The McLaren F1, released back in the nineties, was designed to be the most technically capable sports car of its era. It surpassed expectations, becoming the world’s fastest production car – a record it held for seven years until the Koenigsegg CCR and Bugatti Veyron overtook it.

By that yardstick, the McLaren P1 had a lot to live up to as the F1’s spiritual predecessor at the top of the McLaren range. But McLaren, as a company, had changed a lot since the creation of the P1.

Now focusing on producing sports cars developed for driver satisfaction and capability rather than all-out speed, and having ramped up production to produce its own engines rather than borrowing from the likes of BMW in the case of the F1, or joint projects like the Mercedes-Benz SLR McLaren created in intervening years.

Unburdened by the need to please other parties or incorporate other components, this gave McLaren’s engineers complete freedom from the get-go with the P1, with the sole aim of creating the best driver’s car on both road and track.

Compared to the controllable yet vivacious characters of the cars it met when it emerged in production in 2013 – the Ferrari LaFerrari and Porsche 918 Spyder – the P1 delivered an altogether more sinister side, gaining it a reputation for having more of a bite.

As much as it’s a driver’s car, this is a car that demand the respect of the person behind the wheel.

Design, Styling & Interior

Given the focus on performance, it’s no surprise that McLaren allowed aerodynamics to define the overall design of the P1.

The carbon fibre bodywork is draped over a monocoque chassis, with a fighter-jet inspired teardrop cockpit sloping up out of the bonnet to funnel air across the rear wing, helping create a distinctly mid-engined silhouette that reveals how tightly-packaged and honed the car is.

Twin air vents up front hint at a venomous undertone to the P1, while an active rear spoiler provides F1 DRS-style aero advantages on the straights as well as acting as an air-brake.

This rises in “Race Mode”, as the rest of the car hunkers down – creating an athletic stance and oozing menace.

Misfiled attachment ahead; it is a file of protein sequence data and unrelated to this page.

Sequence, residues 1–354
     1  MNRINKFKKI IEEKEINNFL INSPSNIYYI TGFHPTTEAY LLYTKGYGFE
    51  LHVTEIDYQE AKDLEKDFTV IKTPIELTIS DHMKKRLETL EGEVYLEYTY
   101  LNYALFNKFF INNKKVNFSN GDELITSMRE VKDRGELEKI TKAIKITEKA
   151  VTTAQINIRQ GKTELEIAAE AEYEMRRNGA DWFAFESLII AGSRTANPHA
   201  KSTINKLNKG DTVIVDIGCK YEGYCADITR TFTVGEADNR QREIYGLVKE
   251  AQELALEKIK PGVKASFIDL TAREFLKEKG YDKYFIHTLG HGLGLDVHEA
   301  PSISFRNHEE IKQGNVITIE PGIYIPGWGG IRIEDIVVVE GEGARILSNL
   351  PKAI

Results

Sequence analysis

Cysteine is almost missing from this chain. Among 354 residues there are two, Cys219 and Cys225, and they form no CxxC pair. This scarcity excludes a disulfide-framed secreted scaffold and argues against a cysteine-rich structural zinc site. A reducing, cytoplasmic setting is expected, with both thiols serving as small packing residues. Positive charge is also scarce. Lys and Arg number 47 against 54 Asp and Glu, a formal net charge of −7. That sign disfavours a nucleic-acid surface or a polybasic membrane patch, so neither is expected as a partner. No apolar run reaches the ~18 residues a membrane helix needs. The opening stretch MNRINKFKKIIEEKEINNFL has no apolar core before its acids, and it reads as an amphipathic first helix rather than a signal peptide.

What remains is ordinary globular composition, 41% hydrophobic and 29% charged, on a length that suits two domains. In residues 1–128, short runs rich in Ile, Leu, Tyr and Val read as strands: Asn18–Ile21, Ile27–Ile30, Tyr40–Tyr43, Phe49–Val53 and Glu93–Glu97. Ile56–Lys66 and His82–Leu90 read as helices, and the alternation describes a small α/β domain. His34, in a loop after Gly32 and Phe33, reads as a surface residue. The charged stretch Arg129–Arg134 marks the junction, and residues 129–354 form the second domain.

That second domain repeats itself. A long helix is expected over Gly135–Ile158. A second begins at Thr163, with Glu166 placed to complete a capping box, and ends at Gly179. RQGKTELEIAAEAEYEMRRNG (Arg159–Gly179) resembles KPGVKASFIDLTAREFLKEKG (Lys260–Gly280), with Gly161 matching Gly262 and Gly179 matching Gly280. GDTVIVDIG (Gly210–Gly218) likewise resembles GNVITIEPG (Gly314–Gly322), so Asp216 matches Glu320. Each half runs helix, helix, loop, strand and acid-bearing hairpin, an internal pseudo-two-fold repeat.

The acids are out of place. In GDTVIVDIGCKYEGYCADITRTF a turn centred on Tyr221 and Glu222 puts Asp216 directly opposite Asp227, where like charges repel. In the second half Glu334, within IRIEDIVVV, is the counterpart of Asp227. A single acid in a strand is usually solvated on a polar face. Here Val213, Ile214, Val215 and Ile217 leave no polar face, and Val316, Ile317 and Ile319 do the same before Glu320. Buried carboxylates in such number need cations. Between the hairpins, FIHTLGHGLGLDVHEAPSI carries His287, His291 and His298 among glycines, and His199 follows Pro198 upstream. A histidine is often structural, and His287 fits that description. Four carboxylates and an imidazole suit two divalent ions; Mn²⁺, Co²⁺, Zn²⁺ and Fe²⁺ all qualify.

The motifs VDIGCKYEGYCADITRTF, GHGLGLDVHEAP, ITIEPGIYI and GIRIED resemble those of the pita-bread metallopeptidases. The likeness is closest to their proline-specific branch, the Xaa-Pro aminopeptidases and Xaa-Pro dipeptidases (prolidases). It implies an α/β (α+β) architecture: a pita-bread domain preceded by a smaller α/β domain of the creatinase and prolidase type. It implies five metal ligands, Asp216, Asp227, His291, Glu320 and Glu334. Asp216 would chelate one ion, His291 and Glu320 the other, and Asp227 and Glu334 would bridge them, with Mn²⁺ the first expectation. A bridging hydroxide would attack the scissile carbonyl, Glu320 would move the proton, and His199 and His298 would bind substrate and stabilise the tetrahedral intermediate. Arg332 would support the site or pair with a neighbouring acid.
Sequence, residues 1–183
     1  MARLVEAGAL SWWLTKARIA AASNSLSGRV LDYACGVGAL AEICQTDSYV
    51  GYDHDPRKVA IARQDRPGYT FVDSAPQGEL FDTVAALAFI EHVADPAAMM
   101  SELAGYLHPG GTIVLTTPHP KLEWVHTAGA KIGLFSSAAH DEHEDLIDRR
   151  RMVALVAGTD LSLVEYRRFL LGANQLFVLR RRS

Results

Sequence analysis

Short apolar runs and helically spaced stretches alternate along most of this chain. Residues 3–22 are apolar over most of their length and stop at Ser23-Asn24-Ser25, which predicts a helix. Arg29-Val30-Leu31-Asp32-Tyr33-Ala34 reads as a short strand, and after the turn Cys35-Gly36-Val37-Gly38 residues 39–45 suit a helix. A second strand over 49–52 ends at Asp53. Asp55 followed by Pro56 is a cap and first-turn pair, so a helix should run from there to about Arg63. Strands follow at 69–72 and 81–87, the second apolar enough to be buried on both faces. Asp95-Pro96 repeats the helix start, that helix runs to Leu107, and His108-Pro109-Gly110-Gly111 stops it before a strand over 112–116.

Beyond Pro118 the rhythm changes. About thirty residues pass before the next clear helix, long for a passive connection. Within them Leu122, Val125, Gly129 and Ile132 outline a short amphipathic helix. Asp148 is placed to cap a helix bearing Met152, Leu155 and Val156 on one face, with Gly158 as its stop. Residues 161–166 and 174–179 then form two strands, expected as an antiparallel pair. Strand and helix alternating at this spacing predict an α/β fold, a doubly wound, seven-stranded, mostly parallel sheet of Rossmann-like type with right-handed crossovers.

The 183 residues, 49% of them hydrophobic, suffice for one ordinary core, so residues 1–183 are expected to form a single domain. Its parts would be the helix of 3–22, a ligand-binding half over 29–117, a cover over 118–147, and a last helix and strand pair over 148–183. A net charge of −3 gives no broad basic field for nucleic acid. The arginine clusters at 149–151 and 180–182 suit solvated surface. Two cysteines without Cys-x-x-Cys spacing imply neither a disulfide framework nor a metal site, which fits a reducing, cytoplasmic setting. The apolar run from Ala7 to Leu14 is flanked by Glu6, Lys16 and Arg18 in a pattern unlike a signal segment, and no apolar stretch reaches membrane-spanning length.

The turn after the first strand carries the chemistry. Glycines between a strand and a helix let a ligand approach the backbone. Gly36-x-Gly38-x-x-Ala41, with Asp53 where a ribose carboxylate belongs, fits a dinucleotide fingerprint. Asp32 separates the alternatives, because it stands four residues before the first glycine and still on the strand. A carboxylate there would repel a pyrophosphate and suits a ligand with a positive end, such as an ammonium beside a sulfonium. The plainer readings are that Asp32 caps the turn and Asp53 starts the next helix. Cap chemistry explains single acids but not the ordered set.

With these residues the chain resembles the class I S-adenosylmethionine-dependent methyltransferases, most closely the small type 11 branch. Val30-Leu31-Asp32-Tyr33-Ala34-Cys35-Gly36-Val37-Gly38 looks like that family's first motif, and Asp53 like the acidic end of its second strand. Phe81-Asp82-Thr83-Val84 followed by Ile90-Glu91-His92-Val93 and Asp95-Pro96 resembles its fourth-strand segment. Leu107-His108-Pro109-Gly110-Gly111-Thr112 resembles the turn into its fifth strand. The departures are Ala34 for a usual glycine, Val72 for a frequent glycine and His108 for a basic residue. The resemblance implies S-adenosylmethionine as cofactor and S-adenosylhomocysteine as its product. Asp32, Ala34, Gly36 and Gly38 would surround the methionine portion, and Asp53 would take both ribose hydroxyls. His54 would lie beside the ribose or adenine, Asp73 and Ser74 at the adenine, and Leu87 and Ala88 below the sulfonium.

In a word? Outrageous. What else could you expect from the car that launched McLaren’s Ultimate Series?

The top speed may be below the F1 – an electronically limited 217mph to the F1’s 240+mph VMax – but absolute maximum speed is not what P1 is about.

A 1547kg car with 903hp is not going to hang about off the line, and the P1 makes the dash from 0-62mph in 2.8 seconds. 186mph comes up in just 16.5 seconds from standstill.

That power comes mostly from a twin-turbo 3.8-litre V8 – the same as used across the McLaren range, but tweaked to output 727hp and 531lb ft of torque – combined with a lightweight and KERS-fed electric motor, that puts a further 176hp and 192lb ft at the driver’s disposal. That power reaches the rear wheels via seven-speed twin clutch gearbox.

As we learned from Spiderman, with great power comes great responsibility; the McLaren P1 has both, as its plug-in hybrid “twin powerplant” powertrain allows it to run in zero-emissions mode for up to 6.8 miles – in total silence, adding further to the sinister aura.

This set up also bestows the P1 with economy figures of 34mpg on the EU combined cycle – impressive for any performance car, but even more so when you consider that the P1 is a showcase of the peak of road car capability.

Ride & Handling

A combination of suspension wizardry, aerodynamics and downforce help keep the P1 composed at speed. While the set up is firmer than the company’s sport series cars, this is in keeping with the higher capability that the P1 offers. Comfort is not compromised by any means, with the P1’s hydro pneumatic setup offering more ride comfort than you might expect.

An active suspension system increases the stiffness of the P1 more than threefold when in race mode compared to road mode, as well as dropping the ride height by 50mm – giving the P1 the profile of some sort of fluid land missile when engaged.

McLaren cites that the P1 generates 600kg of downforce “from well below top speed”, with this aiding the car’s grip levels through corners. This can make it unintuitive initially for drivers, with commitment and attack to corners required to activate the downforce by keeping air moving over the car. This makes the car seem more stable the faster it goes, and can leave unsuspecting drivers who dip below the downforce threshold backwards and off the track before they realise anything has gone wrong – and with a staggeringly expensive repair bill to boot.

Prices & Specs

At launch, the McLaren P1 had an astronomical price tag that suited its astronomical capabilities. In the US, a 2013 P1 Coupe would set you back $1,350,000 for an example out of the showroom.

That sum would net you the one and only trim level, which itself includes some niche styling details that only grace a car of this caliber. Gold heat shields adorn the engine bay – a nod back to the car’s spiritual predecessor, the McLaren F1, as well as providing the P1 with excellent heat dissipation capabilities.

Buyers seeking a factory-fresh example had to act fast however – the P1’s run was limited to just 375 units to preserve exclusivity, and all of those were accounted for by November 2013 after order books opened that October.

Buyers at this level can spec all the exclusivity they want, and through McLaren’s MSO division around 75% of new P1’s featured some form of exclusive customisation – pushing the average order price to closer to $1.6 million.

Nowadays, it’s not uncommon for examples to surpass $2 million at auction – so better get saving as values have been on the up since the car’s unveiling in 2013.

McLaren P1 Performance & Specs >
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